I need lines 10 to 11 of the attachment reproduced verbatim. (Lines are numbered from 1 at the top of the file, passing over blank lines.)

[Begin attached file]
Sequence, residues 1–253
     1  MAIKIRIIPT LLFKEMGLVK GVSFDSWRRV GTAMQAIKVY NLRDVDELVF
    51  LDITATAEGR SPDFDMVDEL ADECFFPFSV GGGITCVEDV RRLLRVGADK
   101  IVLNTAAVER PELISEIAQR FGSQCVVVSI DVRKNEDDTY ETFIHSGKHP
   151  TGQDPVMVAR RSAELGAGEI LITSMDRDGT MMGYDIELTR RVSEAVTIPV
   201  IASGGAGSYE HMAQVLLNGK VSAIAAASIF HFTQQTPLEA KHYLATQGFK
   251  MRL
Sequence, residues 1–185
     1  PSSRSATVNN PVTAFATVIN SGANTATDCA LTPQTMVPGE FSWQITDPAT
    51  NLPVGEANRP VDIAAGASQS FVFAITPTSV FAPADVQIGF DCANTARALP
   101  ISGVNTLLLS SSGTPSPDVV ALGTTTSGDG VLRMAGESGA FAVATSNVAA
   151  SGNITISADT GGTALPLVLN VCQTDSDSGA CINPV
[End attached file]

    51  NLPVGEANRP VDIAAGASQS FVFAITPTSV FAPADVQIGF DCANTARALP
   101  ISGVNTLLLS SSGTPSPDVV ALGTTTSGDG VLRMAGESGA FAVATSNVAA